PokerStars and California Online Poker: Timeline

Posted on May 7, 2014

As the state is leaning closer to regulation of online poker, the conclusion of this seemingly endless war is nearly here – relatively speaking.

It’s been years in the making and after last month’s events, let’s take a look at what got us here.

September 11, 2001: PokerStars debuts their play-money online poker room

One of the most infamous days in world history was also the day PokerStars’ play-money site came online and dealt its first hand. Despite the poor timing of their launch, PokerStars would go on to rule the online poker world in less than five years.

December 12, 2001: PokerStars launches for real-money

A month after their play-money site was launched PokerStars unveiled their full software platform and started offering real-money online poker games. With their software, promotions, and later their innovative live poker tie-ins the site quickly gained a foothold in the market, and some luck, good business practices, and a willingness to make difficult decisions would bring them from competitive to industry leader.

May 23, 2003: Stars qualifier Chris Moneymaker wins the 2003 World Series of Poker

By 2003 online poker was already starting to blossom, but when a PokerStars online qualifier by the name of Chris Moneymaker won the 2003 WSOP Main Event in improbable and dramatic fashion the industry and PokerStars were about to explode.

Summer of 2005: PokerStars moves their headquarters from Costa Rica to the Isle of Man

Few people realize that PokerStars began its life in Costa Rica before moving to the very tax-friendly Isle of Man in 2005 – Britain dropped the tax rate to 0% for its small territory which attracted several gaming companies. The company is now the largest employer in the tiny nation.

The move was seen as a precursor to an IPO offering; an offering that never materialized because of UIGEA legislation the following year.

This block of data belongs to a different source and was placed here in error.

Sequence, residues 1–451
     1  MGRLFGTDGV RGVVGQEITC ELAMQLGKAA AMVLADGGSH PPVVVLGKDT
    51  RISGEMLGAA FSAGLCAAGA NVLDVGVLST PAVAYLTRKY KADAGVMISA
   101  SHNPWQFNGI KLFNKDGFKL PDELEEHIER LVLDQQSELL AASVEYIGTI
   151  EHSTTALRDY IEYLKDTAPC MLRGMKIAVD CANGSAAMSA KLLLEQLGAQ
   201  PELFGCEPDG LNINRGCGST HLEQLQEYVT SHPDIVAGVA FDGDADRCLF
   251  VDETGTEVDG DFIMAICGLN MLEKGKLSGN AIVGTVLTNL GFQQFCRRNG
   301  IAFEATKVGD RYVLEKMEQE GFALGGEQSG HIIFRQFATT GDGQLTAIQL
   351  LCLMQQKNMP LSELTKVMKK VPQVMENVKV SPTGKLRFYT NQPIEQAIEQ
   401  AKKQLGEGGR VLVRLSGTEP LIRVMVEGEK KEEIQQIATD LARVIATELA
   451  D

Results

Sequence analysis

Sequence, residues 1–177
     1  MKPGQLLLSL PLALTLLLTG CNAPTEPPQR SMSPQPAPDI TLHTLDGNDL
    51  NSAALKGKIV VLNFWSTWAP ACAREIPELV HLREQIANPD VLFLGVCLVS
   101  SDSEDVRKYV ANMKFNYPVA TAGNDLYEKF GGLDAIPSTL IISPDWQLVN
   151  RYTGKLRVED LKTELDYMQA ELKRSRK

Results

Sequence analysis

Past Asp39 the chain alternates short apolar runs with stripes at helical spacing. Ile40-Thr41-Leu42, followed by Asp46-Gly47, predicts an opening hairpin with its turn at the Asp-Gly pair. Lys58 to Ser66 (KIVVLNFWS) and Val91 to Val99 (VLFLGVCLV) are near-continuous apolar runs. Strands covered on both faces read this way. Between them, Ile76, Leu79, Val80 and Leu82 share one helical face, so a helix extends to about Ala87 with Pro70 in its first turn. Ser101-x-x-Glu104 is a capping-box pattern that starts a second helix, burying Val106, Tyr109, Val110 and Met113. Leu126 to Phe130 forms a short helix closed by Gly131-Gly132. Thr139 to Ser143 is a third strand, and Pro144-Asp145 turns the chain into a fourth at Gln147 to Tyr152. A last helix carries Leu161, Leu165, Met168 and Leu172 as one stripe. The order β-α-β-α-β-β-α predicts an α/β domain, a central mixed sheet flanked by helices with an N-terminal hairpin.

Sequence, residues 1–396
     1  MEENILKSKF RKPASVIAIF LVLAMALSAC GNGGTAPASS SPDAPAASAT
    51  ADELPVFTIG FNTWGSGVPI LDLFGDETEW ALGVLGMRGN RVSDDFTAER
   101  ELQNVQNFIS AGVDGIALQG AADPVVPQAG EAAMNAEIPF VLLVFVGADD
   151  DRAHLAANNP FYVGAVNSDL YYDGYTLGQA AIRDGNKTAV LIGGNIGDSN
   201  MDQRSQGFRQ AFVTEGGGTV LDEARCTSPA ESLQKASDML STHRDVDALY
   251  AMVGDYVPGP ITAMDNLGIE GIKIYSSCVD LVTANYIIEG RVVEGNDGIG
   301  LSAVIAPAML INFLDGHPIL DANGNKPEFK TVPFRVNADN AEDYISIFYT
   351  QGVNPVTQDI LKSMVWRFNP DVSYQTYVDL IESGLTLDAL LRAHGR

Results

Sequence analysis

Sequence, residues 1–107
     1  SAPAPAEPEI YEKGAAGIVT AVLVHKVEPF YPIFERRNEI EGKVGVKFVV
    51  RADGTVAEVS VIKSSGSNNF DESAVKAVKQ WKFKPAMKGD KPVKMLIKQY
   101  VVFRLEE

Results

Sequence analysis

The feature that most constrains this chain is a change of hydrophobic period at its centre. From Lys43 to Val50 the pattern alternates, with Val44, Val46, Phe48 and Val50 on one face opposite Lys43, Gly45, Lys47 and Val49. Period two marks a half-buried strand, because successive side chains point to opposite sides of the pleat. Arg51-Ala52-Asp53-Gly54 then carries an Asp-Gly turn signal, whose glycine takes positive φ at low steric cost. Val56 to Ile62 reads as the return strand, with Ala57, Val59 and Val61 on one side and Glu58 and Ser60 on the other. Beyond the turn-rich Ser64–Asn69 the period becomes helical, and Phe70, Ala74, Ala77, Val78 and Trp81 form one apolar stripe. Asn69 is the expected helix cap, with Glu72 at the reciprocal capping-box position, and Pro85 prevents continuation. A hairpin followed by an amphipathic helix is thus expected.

Winter of 2006: PokerStars continues to operate in US after UIGEA; becomes largest online poker site

UIGEA didn’t officially become law until late 2006 (it would then take many more years to actually be fully implemented) but the specter of the bill had the online poker world on high alert well before its passage – nixing several potential IPO’s including PokerStars and Absolute Poker.

While companies like Cryptologic, 888, and Party Poker formulated their US exit strategies, PokerStars and a handful of other sites (privately owned companies) decided that they were within their rights to continue operating in California and the rest of the US, and with a stranglehold on the world’s largest market PokerStars went from one of the top online poker providers to the largest online poker site in the world.

April 15, 2011: PokerStars targeted by DOJ, company exits the US market

After a five year run atop the online poker world the Department of Justice decided to use UIGEA and several other laws to shutdown the US online poker industry. The DOJ’s action caused PokerStars to agree to leave the US market after their domain was seized along with bank accounts and company founder Isai Scheinberg was indicted.

Despite the loss of its largest market PokerStars would go on to further cement its place in the online poker industry thanks to their quick and decisive actions in the immediate aftermath of Black Friday. Namely paying all of its US players within weeks.

July 31, 2012: PokerStars reaches a settlement with US DOJ purchasing Full Tilt Poker in the process

When PokerStars settled with the DOJ and in the process took over control of one-time rival Full Tilt Poker they did so by guaranteeing former FTP players would be repaid, and with the express permission of the US government that they would not be barred from operating in the US in areas where online gambling was legal or would become legal.

This settlement agreement is the impetus for the company’s current attempts to reenter the US market via California.

February 24, 2014: California Senate and Assembly introduce competing online poker bills

2014 is seen as California’s best chance to get an online poker bill passed (online poker expansion talks began in 2009) as the tribal and gaming interests are for the most part now on the same page. With these new consensuses formed it came as little surprise when the California Assembly and the State Senate both introduced competing online poker bills.